The 19th day of September
September looks warm and welcoming, but she keeps a cool steel scissors in her apron pocket. Now and again she snips a ribbon of wind. I shiver as I leave the house, pulling my sweater about me. The sunlight glazes our cut stone wall and darts through the flicking locust leaves. The green fronds move swiftly, like my mother's fingers on piano keys.
I have no planned destination, so I head east and cut through the small park and playground. It's deserted now. The children are back in school. The grass is long.
I dig my feet into the worn and dusty path and whril myself about on the merry-go- round, much as I did as a child half a century ago. The slide is a challenge. I glance quickly toward the windows of the houses nearby, but I don't really care if there are faces there. I note that the legs at the base of the slide are broken. That could be disastrous; I might be plopped in the mud. Risks turn moments into mementos, I decide. The downward sweep in extra steep because of the buckled lower legs. The swish is so exhilarating that I retrace my climb and rerisk another slide.
I climb the grassy bank to walk the path along the reservoir. Far ahead, outlined against the sky, I see two men cutting the grass. One leans toward his machine, again and again jerking the rope to re-start the motor. I walk a great distance, and almost reach him before he finally gets it going. The men smile and wave. Their lips shape greetings I do not hear above the roar of the power mowers.
Farther on I sit on the rocky slope and wish for a pond more natural, but water soothes, even in a reservoir. A few fish jump and echoing rings explode around their vanishing point.
I've walked almost two miles before I swoop down the grassy bank and lose sight of a flock of ducks bobbing on the water. I head back toward the pathway through the park.
From the tall grass near the gate something suddenly flies in front of me and lands a few feet ahead.It's much too large for a grasshopper. Aha! a praying mantis. I kneel besie it. We are parallel and both positioned as in prayer. I laugh when the realization strikes me. It seems apropos as we study each other in fascination and in wonder: strange, unique facets of creation and re-creation; two parts of that magical ongoing process.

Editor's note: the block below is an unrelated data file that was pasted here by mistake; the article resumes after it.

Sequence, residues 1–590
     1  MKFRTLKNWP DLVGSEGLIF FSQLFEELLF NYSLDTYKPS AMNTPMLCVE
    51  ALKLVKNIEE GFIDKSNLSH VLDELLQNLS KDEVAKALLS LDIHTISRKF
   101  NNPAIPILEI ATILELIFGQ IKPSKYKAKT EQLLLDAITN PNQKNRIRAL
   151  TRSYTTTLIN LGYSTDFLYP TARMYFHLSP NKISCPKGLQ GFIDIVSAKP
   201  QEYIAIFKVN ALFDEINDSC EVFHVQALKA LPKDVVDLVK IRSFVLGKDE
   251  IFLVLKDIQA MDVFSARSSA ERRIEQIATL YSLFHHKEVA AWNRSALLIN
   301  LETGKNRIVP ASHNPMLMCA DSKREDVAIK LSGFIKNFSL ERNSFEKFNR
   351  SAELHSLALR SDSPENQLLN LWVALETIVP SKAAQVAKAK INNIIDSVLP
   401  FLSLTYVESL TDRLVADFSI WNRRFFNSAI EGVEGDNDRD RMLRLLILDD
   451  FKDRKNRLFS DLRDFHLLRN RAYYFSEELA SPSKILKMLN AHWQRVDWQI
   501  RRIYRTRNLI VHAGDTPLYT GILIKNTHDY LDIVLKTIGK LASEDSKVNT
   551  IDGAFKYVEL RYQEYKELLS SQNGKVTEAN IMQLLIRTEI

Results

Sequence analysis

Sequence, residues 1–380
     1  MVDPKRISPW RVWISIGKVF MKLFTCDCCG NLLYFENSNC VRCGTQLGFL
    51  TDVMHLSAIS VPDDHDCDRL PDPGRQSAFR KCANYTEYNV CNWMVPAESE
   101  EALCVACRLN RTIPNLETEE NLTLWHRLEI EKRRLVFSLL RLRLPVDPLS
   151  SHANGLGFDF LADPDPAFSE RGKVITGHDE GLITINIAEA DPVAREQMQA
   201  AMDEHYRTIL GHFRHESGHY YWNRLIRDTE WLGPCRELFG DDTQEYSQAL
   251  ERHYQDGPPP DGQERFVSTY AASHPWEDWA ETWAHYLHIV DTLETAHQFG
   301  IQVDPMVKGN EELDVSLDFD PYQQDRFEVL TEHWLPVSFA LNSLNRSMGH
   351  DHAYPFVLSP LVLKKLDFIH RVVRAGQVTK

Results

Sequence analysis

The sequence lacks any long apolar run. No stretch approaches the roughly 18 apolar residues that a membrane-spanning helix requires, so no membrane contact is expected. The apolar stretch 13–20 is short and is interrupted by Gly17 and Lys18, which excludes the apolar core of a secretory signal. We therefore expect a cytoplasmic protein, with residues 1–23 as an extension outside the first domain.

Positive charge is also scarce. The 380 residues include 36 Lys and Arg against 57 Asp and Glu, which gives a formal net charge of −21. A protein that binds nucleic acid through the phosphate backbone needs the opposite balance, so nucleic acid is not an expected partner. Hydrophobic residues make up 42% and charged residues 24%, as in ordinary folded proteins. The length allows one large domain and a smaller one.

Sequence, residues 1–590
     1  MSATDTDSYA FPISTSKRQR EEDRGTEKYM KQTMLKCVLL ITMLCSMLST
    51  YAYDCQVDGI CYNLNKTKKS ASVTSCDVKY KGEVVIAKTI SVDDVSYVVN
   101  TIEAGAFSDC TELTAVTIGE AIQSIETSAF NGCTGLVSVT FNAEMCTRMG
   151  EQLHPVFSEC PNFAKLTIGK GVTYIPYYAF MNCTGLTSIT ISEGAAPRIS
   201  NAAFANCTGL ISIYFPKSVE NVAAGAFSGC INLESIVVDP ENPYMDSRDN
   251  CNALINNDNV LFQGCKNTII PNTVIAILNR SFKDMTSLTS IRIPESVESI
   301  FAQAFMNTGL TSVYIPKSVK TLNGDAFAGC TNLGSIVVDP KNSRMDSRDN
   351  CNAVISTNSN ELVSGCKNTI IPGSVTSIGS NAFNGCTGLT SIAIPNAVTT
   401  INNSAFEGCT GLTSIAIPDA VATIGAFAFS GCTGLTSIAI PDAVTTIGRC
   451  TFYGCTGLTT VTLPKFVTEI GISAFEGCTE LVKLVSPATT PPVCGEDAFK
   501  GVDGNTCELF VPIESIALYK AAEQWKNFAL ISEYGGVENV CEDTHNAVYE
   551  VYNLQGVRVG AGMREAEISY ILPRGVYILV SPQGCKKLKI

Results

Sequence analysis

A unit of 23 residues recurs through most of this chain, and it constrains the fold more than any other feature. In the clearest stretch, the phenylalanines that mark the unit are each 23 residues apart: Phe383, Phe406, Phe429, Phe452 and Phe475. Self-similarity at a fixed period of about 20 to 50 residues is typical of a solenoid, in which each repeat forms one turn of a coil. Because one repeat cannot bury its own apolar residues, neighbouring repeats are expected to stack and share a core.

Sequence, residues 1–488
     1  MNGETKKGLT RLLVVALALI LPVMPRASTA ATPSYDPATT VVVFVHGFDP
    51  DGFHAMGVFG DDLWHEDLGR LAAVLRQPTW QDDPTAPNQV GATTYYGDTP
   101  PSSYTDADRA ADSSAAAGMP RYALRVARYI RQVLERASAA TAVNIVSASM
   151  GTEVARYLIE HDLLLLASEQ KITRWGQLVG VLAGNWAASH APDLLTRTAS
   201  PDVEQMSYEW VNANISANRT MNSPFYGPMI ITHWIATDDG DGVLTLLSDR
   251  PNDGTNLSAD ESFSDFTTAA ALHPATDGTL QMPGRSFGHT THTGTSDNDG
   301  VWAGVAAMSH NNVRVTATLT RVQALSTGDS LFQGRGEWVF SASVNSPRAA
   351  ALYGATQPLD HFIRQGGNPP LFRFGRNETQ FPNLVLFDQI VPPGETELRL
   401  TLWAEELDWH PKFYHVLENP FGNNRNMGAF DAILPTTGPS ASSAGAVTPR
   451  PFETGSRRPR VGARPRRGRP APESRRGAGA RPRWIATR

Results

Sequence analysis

The mantis has the look of a mechanical toy (a live body wouldn't bend the way his does). Even his movement seems mechanized as he turns his triangular head toward me. The long antennae shoot outward. In the upper corners of his three-sided face are two mammoth bright green eyes. In amazement, I note he has pupils just like mine! Then the tiny black pin dots sort of float to the top of the green circles. He looks cross- eyed and I tell him that.
As if insulted, he turns his head away looking straight ahead. I laugh and apologize, "I'm sorry if I hurt your feelings. Come on now, look around again at me." And he does!
His long delicate back legs, like jointed nylon thread with fringed ends for feet, rest lightly on the tops of blades of grass. Still he balances there, swaying with a strong wave of wind. He unfolds one front praying leg . . . or "hand."
The wings on his back are brown and glossy. They look like the thin tobacco leaves that wrap a cigar. I pick blades of grass and wave them in front of him, and when I almost touch him with a plucked dandelion leaf, he flies away, his wings flapping in the September sun. He sails into a roofed shelter house and I follow, looking in the rafters and on the cement floor, but I've lost him, for his shape disappeared when he left the sun and entered the shade of the building.
I take the homeward path. Three great lumps, and then a fourth, erupt from the asphalt walk. My first thought is moles, but moles couldn't crawl under macadam walkways. And there are no tunnels, just hills raised high with crumbling centers. I look into the craters hoping to mee the guilty culprits. And I am not disappointed. Small seedlings are burstling through, making mountains, buckling stone and tar that they may smile at the sky. They never stopped to consider this is September. How brief their season in the sun but how contagious their celectration!
How blind we become to the ongoing miracle of creation. Some days it takes a walk in the sun, a praying mantis, or an erupting seed to reawaken the wonder that is second nature to a child.